A flurry of wings and buzzing activity, just what are those little bees doing with all their time?
My father, Charles Sanders, is a beekeeper and has spent the last few years caring for hives and making time to watch his bees grow. With spring approaching once more, I have found myself eyeing every tactic he has done with his hives in great intrigue.
It was only recently that I questioned him, and his answers may just surprise you!
Bee pollen can relieve inflammation, work as an antioxidant, boost liver health, strengthen the immune system, work as a dietary supplement, ease symptoms of menopause, reduce stress and speed up healing. (Healthline.com)
Bees build their honey comb at an angle. It may not sound impressive, but these little bees have discovered that their honey will remain at the bottom of a cell if they build at a slight angle.
They didn’t need an Isaac Newton to tell them about gravity for them to figure it out! Not only do they understand gravity, they also understand storage space.
As my father put it, “They build with a hexagon because it gives you the most bang for your buck. You can pack a lot in a hexagon and also stack it easily, unlike, say, a square on square.”
Bees can fly up to six miles while foraging. They tend to want to stay close to the hive, but as winter approaches, the bees will have to go farther to collect more pollen. It is tiring but they still get it done for the hive. (Talk about teamwork!)
As my father said, “They very rarely need to fly that far, but if they were in the middle of the salt flats, they could fly up to six miles to find a nectar source. It is mostly the worst-case scenario.”
Bees can recognize faces. Now that may sound terrifying, more than a thousand bees knowing who you are, but the truth is, knowing who you are helps more than it hinders. They will learn to recognize patterns, like if you walk by at a certain time every day, and will soon accept you aren’t a threat.
If a hive is unhappy with the beekeeper or home, it can leave with free will. This is called swarming, and sometimes beekeepers will set up bee traps in remote locations to retrieve these swarming bees.
Bees will swarm for a variety of reasons, but the most common is the size of the colony simply becomes far too big. My father further instilled understanding with, “Now, technically if they don’t like a home, they will abscond it; this means they simply leave. Swarming normally happens when the hive cannot grow, but absconding happens when the bees are just unhappy.”
Smoking bees is the process of misting the hive with a layer of smoke. This smoke does not harm the bees; beekeepers smoke them to calm them. It is so the keeper can avoid unnecessary stings from the bees while they work in the hive.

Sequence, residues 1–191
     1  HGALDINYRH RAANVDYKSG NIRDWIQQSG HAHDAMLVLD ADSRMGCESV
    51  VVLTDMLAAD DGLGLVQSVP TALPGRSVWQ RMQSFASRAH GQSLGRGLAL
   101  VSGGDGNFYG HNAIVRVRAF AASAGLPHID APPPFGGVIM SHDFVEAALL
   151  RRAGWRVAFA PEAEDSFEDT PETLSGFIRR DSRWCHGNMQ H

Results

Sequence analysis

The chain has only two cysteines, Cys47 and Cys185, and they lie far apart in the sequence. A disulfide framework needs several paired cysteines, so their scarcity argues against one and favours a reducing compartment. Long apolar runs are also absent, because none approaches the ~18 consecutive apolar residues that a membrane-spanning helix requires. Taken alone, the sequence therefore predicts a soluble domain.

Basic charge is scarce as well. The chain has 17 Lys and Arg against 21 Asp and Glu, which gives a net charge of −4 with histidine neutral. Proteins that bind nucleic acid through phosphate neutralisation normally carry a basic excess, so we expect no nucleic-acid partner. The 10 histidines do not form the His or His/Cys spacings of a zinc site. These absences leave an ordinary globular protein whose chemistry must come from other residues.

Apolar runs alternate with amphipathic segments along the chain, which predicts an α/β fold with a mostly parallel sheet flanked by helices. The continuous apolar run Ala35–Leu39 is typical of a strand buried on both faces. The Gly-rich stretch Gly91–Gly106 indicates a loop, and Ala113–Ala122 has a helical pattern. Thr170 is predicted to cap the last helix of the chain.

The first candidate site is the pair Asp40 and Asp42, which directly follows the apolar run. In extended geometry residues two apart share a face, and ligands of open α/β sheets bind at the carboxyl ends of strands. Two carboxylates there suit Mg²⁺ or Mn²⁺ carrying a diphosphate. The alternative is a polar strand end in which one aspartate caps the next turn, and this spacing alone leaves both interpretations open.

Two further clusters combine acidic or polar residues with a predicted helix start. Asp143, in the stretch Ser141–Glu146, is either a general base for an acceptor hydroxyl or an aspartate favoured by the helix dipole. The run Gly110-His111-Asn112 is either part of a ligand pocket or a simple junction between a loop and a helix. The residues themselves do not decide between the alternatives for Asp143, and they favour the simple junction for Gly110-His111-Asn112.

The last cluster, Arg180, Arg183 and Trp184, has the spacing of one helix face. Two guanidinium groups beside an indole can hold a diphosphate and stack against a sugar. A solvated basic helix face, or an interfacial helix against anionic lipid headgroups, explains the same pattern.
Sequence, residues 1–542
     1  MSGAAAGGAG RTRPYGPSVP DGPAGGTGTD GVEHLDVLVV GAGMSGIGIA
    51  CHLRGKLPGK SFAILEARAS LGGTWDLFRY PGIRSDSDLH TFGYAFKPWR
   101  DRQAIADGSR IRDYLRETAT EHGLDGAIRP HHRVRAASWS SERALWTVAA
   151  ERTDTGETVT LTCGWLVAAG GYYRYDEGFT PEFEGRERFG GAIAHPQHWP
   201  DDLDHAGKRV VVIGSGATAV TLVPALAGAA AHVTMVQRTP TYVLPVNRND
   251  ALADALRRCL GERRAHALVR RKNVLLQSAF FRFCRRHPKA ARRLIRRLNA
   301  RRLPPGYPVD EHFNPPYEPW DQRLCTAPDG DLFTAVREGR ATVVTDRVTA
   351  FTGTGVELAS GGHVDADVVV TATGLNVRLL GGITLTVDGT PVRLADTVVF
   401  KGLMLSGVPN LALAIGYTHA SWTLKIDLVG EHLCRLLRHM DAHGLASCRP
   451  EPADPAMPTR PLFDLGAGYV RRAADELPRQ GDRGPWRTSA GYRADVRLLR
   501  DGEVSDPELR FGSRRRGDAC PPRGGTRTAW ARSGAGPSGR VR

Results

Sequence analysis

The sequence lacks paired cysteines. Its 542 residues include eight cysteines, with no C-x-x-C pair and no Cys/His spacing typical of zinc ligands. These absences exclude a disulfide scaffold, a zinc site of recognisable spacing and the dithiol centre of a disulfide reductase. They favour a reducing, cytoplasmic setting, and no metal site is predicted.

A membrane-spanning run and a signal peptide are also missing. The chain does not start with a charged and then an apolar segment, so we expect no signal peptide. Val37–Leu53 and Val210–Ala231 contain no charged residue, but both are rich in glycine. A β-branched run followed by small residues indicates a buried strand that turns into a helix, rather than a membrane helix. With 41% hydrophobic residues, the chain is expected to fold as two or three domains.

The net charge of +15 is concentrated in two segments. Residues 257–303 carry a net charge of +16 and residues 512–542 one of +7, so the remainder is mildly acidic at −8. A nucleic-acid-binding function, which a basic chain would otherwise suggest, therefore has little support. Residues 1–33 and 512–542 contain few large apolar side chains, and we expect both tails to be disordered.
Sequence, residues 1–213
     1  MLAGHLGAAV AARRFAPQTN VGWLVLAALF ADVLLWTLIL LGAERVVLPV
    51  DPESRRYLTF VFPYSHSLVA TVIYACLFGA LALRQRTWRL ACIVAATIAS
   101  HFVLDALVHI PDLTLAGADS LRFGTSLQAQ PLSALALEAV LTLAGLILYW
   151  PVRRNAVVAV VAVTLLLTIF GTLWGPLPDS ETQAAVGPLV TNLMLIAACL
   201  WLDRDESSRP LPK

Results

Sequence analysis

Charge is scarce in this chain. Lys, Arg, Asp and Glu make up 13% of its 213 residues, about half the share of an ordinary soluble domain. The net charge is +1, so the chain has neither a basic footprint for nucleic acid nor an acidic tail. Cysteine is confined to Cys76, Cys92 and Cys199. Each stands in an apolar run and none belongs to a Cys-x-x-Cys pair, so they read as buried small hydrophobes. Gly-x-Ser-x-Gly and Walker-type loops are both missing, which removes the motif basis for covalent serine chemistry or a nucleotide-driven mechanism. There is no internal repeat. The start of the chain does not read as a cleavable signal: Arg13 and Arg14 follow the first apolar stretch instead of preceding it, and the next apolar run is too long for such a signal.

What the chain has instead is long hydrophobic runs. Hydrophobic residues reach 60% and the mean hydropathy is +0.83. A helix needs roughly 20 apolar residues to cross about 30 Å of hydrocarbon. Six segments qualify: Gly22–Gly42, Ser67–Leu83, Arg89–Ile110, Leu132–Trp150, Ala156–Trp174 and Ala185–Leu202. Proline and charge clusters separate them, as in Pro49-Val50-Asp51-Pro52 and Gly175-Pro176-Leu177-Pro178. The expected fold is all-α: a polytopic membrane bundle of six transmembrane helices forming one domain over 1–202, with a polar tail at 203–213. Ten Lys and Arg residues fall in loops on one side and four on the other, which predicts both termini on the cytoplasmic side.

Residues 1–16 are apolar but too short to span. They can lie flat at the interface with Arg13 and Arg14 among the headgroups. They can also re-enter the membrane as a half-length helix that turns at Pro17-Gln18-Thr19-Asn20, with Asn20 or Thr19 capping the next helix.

“Bees communicate with pheromones because it is fast and effective, but they have a lot of pheromone smells,” Mr. Sanders says. “So when you use smoke, you are masking those pheromones and preventing them from communicating with one another. It also keeps the bees busy, so the keeper can get in and out of the hive.”
When bees sting, they release a pheromone that smells slightly of bananas. This will attract the other bees to the same spot, all ready to defend their hive. Spraying smoke over the area after being stung will cover the smell and keep the beekeeper sting-free.
Bees can dance! Granted, their dancing is no Michael Jackson style, but they dance to reveal locations of nectar sources to other hive members. They will flip to the right, to the left and all around to give directions to the spot so that more food will flood in from the area they discovered.
Mr. Sanders says, “The length of the dance translates to the distance away from the hive, because distance is measured by energy that that bee took to get there. The direction of the dance is relative to the position of the sun and gravity. And yes, even on cloudy days they know where the sun is.”
Bees are very fascinating to watch; they are smart and brave, the ideal example of teamwork and dedication. Unfortunately, they are slowly dying out, but beekeepers and animal conservationists are focusing on keeping these little friends up and moving.
It is quite the task, but one that many people are willing to take on. With spring here, we are again reminded of what bees do for us, take time to thank the local beekeepers.